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Selected Topics in Humanities & Social Sciences HSSC 1000

Humanities & Social Sciences Part-time Studies Course

Course details

This course introduces students to a particular issue in the humanities or social sciences by surveying major ideas relevant to that issue. The course will vary from term to term, and focus on issues of cultural, literary, artistic, technological, and/or scientific concern. Examples include aboriginal studies; comparative religion; current trends in visual culture; environmental stability and social justice; history of ideas; information technology and society; and science and the humanities. HSSC 1000 promotes cultural and civic literacy by exploring important social and cultural issues in order to enhance the ability of students to contribute positively to workplaces and communities. Where applicable the course may require group or individual assignments that require students to put ideas communicated in the course into practice, such as making a film, or designing a website or digital game.

Prerequisite(s)

C+ in Grade 12 English.

Credits

3.0

Cost

$517.81

Course offerings

Spring/Summer 2022

Below is one offering of HSSC 1000 for the Spring/Summer 2022 term.

CRN 67192

Duration

Mon May 23 - Fri Aug 12 (12 weeks)

  • 12 weeks
  • CRN 67192
  • $517.81
Class meeting times
Dates Days Times Locations
May 23 - Aug 12 N/A N/A Online
Instructor

James Morin

Course outline

Course outline TBD — see Learning Outcomes in the interim.

Cost

$517.81

Important information
  1. Internet delivery format.
  2. The topic for this term is "On Being Indigenous in Canada." This course will examine the identity of Indigenous people and their strong connection to the land and natural resources. Over the past 500 years and more, they have endured significant changes due to the legacy of colonization. This legacy will be discussed with the aims of understanding and how to move forward towards reconciliation. Students will be presented with government, judicial, private sector and Indigenous concerns. The goal is creating thoughtful and new situations between mainstream Canada, industrial development, business enterprises and Indigenous communities. Consultation and respectful Inclusion of Indigenous involvement is critical for a positive economic future in Canada. *(A)* This is NOT a SELF-PACED course. There will be specific timelines for assignments and exams. Course content, kind and quality of assignments and general standards for this online course are the same as classroom courses. You will have discussions and assignments to complete each week (although you do NOT have to be online at a particular time or day). *(B)* FINAL EXAMS: Your instructor will provide further information regarding format and date of all exams.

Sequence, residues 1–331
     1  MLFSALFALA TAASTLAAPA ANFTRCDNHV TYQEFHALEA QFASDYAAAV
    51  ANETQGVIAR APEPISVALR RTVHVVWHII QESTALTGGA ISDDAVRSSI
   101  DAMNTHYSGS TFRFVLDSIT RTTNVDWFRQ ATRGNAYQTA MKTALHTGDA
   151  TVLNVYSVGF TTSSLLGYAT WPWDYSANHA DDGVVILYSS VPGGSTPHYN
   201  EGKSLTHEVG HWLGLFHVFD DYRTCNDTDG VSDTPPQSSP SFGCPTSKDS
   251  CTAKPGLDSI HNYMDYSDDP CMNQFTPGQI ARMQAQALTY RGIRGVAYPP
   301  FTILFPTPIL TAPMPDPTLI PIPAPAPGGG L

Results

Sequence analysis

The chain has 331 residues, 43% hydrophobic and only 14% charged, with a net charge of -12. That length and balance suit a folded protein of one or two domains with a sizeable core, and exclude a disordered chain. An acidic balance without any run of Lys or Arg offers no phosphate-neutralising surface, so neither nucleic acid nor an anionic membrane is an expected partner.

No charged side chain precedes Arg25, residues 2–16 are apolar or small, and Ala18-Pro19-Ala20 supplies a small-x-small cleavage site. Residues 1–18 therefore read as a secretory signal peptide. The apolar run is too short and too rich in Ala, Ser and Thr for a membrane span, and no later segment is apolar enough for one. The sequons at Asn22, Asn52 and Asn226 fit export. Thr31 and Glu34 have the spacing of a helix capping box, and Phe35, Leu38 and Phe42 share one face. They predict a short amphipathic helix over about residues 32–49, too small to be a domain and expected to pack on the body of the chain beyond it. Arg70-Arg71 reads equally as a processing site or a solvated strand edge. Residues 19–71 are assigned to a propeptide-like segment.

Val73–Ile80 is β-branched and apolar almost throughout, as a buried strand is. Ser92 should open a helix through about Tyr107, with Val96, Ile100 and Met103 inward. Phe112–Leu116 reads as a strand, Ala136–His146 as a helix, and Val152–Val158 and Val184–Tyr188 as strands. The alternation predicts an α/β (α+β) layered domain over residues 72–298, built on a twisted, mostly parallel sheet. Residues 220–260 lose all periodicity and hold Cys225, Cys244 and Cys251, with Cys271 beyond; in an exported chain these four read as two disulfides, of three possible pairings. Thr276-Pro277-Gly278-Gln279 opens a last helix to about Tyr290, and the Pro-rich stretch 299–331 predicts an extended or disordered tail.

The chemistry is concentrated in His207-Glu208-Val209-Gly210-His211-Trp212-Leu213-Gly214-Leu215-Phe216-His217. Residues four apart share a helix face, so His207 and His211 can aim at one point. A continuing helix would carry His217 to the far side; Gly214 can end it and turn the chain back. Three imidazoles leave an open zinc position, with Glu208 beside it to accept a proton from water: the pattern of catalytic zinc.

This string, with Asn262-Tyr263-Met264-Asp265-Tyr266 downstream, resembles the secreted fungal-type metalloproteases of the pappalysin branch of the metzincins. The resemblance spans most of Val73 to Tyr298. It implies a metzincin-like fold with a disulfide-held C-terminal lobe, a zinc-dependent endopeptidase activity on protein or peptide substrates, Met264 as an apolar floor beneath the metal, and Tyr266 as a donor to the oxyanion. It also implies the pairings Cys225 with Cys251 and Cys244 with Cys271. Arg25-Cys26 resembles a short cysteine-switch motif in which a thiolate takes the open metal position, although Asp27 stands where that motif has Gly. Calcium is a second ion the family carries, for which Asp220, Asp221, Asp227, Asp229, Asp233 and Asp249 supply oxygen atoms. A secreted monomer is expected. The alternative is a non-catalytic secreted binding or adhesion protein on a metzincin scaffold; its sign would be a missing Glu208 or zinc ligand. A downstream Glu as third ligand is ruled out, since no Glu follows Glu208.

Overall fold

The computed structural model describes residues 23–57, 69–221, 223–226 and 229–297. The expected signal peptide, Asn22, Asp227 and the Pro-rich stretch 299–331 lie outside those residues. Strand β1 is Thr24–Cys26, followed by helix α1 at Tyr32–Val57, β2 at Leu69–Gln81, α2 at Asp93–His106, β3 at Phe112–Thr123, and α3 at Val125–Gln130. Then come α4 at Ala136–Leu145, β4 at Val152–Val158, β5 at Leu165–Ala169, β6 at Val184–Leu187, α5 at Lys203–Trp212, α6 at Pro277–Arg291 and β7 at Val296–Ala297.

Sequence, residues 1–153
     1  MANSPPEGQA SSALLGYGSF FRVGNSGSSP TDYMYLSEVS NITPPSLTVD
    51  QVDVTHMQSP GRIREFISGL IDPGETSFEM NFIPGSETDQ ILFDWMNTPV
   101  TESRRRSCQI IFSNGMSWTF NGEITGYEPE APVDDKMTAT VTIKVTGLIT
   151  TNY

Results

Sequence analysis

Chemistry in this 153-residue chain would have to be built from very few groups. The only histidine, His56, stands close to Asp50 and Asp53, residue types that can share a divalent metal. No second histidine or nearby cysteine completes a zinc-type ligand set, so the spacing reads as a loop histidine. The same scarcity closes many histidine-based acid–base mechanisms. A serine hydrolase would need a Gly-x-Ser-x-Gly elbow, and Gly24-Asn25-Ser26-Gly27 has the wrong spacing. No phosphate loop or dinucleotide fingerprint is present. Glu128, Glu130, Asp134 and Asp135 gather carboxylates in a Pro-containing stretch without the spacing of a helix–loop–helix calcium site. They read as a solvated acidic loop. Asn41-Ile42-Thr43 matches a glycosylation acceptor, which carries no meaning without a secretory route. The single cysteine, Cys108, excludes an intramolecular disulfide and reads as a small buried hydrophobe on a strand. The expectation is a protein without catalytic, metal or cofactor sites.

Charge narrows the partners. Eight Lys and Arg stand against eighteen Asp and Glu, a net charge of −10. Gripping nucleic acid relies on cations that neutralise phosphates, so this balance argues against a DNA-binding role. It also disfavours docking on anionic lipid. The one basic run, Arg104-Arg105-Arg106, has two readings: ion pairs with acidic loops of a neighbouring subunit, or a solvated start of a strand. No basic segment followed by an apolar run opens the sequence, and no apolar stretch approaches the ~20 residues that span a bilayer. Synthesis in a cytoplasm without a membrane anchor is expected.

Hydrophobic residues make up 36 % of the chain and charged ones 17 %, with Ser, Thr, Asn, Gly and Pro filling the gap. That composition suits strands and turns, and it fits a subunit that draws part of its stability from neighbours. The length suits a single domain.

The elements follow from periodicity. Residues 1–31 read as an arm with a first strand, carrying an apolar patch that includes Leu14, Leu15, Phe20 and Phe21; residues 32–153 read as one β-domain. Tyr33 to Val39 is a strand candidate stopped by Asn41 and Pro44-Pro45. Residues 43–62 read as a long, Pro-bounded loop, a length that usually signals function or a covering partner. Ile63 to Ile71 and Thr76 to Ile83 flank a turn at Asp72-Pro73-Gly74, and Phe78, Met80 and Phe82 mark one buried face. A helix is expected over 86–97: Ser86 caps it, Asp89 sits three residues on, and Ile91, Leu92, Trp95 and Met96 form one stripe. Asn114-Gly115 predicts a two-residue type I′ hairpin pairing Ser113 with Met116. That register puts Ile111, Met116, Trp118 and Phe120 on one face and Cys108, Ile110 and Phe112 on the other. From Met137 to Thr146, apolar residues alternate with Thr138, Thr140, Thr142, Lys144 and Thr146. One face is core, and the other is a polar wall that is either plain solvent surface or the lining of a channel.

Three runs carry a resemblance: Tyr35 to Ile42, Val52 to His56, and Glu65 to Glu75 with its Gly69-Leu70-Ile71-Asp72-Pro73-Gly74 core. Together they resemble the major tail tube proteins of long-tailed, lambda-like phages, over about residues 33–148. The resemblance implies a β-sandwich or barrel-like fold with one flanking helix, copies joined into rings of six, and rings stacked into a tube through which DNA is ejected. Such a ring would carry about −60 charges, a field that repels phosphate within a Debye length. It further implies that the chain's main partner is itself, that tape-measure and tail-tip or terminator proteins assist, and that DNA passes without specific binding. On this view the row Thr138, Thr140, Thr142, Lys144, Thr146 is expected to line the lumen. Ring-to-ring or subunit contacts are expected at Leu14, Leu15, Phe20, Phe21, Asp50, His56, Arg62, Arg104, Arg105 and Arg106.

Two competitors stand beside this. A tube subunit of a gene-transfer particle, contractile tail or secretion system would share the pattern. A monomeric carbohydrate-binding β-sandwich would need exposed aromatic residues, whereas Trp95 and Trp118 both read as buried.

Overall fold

Status

In Progress and Full

This course offering is in progress and full. Please check back next term or subscribe to receive email updates.

Learning Outcomes

Upon successful completion of this course, the student will be able to:

  • Describe specific humanities or social sciences issues presented in the course.
  • Assess the basis of opposing points of view on course topics.
  • Show an understanding of concepts of context, historical period, culture, society, and issues of enduring human concern (e.g., the individual's relationship to society, technology, authority), as they relate to the overall course topic.
  • Apply, in course assignments and discussions, the approaches, ideas, and solutions of a specific discipline within the humanities or social sciences.
  • Critically read and assess material from disciplines, genres, and eras other than those normally encountered in her/his BCIT technology program.
  • Evaluate credibility, context, evidence, and soundness of reasoning related to themes of the course.
  • Compare historical and current approaches to ideas and controversies presented in the course.
  • Produce short-answer and essay analyses of ideas and arguments contained in course material.
  • Produce written arguments and essays, and oral arguments in class discussion that demonstrate skills in critical thinking, reading, and writing.
  • Demonstrate an understanding of basic citation procedures in the primary academic discipline of the course.
  • Show an understanding of the method of inquiry used by a discipline within the social sciences or humanities to study a topic or issue of the course.

Effective as of Spring/Summer 2016

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